By the numbers, Week 9: Bye Week

Chris Humphreys-USA TODAY Sports

There is a question ringing inside the heads of many NFL defensive coordinators: how do you beat Peyton Manning? Since it's the bye week and it would be premature to look at San Diego, I thought I'd examine what has correlated with PM losing. I looked back at his last 100 starts (and also his last 11 playoff starts), and tried to determine whether there were any numbers out there worth sharing about what opponents have to do to beat PFM.


I've heard television announcers as well as many fans say that sacking Manning is one of the ways to beat him, by getting him on the ground it will force him to get frustrated and he'll turn the ball over, etc. This theory is probably true when looking at most NFL QB's and it certainly wouldn't surprise me to learn that most QBs have a higher number of sacks in games they lose. However, when it comes to Peyton Manning, sacking him DOES NOT correlate to beating him. Consider the follow data from his last 100 starts:

# of sacks

Manning's record

Winning %


1 – 1


In Wins: .92 sacks/gm


6 – 4


In Losses: .94 sacks/gm


15 – 5



20 – 4


Playoff wins: 1.67 sacks/gm


36 – 8


Playoff losses: 1.0 sacks/gm

Total: 78-22


He has the same number of sacks per game when he wins or loses. If you can sack him 3 or more times his winning percentage does decline, but he still wins around 50+% of the time in these rare instances. Of course a pass rush is important against Manning, but you'll certainly need more than that.


Most teams figure that controlling the clock is the key to beating Manning, so I was curious how that strategy has worked. I examined his last 100 starts in terms of which team controlled the ball longer. Here's what I learned:

Manning w/TOP advantage

Manning without/TOP advantage

Regular season

36 – 4 90%

43 – 17 72%


6 – 2 75%

0 – 3 0%



NFL 2013 thru 8 weeks

86 – 34 72%

34 – 86 28%

This is a strategy that works really well in the NFL on average as you can see on the bottom line. Teams that win the TOP battle win 72% of the time. But compare the bottom row with Manning's record in the regular season. He is almost unstoppable when his team controls the clock, and wins almost 3 of 4 games even without controlling the clock. That is very significantly better than the league average. Of course the opponent wants to control the clock and keep Manning off the field, but you'll certainly need to do more to win consistently. Give Manning TOP and you almost certainly will lose. Remember the game where he only had the ball for 15 minutes and he still won? That is insane folks!


So far in 2013, NFL teams that win the turnover ratio win 81% of the time (74-17), so it would seem that winning the turnover ratio when playing Manning would be important. This is what Manning's records look like in his last 100 games:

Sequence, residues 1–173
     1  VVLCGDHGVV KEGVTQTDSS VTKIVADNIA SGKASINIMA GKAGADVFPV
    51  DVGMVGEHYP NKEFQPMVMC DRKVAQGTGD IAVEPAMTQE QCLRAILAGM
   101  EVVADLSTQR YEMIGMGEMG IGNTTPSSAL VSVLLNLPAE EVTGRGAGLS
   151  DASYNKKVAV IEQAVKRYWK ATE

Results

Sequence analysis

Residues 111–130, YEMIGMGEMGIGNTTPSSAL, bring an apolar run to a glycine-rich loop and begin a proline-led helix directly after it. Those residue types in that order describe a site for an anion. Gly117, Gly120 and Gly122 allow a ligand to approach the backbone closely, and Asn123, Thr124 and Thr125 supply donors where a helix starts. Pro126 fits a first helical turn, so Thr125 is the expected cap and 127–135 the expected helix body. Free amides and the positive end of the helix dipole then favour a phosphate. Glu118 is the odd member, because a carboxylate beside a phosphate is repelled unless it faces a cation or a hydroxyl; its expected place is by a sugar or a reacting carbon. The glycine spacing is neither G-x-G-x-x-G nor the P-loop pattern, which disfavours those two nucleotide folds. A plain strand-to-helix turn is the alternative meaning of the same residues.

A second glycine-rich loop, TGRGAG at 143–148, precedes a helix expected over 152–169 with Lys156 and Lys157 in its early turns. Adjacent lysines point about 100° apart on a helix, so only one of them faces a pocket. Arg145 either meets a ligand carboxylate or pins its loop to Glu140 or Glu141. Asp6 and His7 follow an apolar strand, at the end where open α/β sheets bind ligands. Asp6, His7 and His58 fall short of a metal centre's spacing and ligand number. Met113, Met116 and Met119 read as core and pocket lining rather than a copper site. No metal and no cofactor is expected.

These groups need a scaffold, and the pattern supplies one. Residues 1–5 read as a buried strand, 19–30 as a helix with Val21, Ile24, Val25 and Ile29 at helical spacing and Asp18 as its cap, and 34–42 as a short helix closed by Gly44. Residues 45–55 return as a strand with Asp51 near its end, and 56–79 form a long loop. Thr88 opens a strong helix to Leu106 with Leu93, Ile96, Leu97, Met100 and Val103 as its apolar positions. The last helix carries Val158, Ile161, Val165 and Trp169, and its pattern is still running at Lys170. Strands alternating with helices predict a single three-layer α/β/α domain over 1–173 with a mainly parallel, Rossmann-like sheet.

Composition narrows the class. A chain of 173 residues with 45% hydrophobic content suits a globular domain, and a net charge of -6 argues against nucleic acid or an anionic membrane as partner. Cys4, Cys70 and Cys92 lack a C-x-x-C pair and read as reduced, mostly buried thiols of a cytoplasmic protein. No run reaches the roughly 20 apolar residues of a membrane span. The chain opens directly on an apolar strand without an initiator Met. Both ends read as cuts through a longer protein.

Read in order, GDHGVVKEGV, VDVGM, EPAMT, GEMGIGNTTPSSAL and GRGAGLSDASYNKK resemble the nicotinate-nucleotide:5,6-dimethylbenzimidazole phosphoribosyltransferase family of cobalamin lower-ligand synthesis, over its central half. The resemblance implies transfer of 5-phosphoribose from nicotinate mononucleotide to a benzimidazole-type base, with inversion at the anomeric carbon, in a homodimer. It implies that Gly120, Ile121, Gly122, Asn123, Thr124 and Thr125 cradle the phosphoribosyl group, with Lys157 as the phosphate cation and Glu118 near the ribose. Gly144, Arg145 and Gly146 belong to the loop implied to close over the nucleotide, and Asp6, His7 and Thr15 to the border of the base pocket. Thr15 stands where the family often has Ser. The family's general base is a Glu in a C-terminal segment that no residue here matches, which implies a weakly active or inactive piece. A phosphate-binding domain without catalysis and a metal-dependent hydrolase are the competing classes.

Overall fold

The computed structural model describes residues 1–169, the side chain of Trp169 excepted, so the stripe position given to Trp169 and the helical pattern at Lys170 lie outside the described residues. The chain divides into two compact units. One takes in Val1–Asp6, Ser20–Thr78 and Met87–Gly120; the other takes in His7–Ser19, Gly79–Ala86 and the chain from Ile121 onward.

TO Ratio

Regular Season Record

Playoff Record

+ 5

3 – 0


+ 3

6 – 0

1 - 0

Pos. TO Ratio:

+ 2

19 – 0

2 - 1

43 - 1 98%

+ 1

15 – 1

0 - 1


21 – 4

3 - 0

Neg. TO Ratio:

- 1

9 – 3

0 - 1

14 - 17 45%

- 2

5 – 8

0 - 2

- 3

0 – 3


- 4

0 – 2


- 5

0 – 1


78 – 22

6 – 5

TO ratio is probably the most important area opponents need to emphasize against PM. If Manning's team wins the turnover ratio, his opponent wins only 2% of the time (or once in his last 100 starts)! Your only chance to beat him is to take care of the ball and force turnovers. Even then, he wins 45% of the time, but at least you have a chance. It's important to note that Manning is a very respectable 6 – 2 in the playoffs when he wins the TO ratio but is 0 – 3 when he doesn't. Our defense needs to step up and force more TO down the stretch. If they do, Manning at QB almost guarantees a victory. You basically only beat Manning if you take the ball away from him by force.


Since there are only a handful (or fewer) QB's in the NFL who can compete with PM in a shootout, many teams feel they need to run the ball successfully to beat him. I looked at whether out rushing him can improve a teams chances of beating him. Over his last 100 games:


PM Regular Season Record

PM Playoff Record

PM out rushes opp.

39 – 3 (93%)

5 - 1

PM out rushes opp. & goes >100 yds

28 – 2 (93%)

5 - 0

PM out rushed

39 – 19 (67%)

1 - 4

PM out rushed &

opp. goes >100 yds

28 – 18 (61%)

0 - 3

As was the case with a certain John Elway, an effective running game is key for PM, especially in the playoffs. Consider that Manning wins 93% of the time if his team outrushes the opponent. Consider the difference between his playoff records when he out rushes opponents versus when he doesn't. That has been his Achilles heel in the playoffs—he needs a running game to win and a good run defense. Looking back at his Indy teams, it's amazing how inconsistent they were against the run and running the ball. There were numerous games where opponents rolled up over 200 yds rushing against them. That won't happen against this team. Think back to our playoff disaster against Baltimore. If we successfully run the ball at the end of that game, we win.

So how do you beat PM?

Take care of the ball.

Take away the ball.

Stop the run.

Run effectively.

Yes, I know that is how you win against anybody in the NFL. The difference when playing PM, is that you need to do all of those things at the same time. Sacking him won't matter too much (unless you can get a TO off of it). Controlling the clock won't matter too much. Even getting a single TO won't matter much. You need to get multiple turnovers and to stop the run, while running effectively. Good luck NFL, you'll need it.

This is a Fan-Created Comment on The opinion here is not necessarily shared by the editorial staff of MHR

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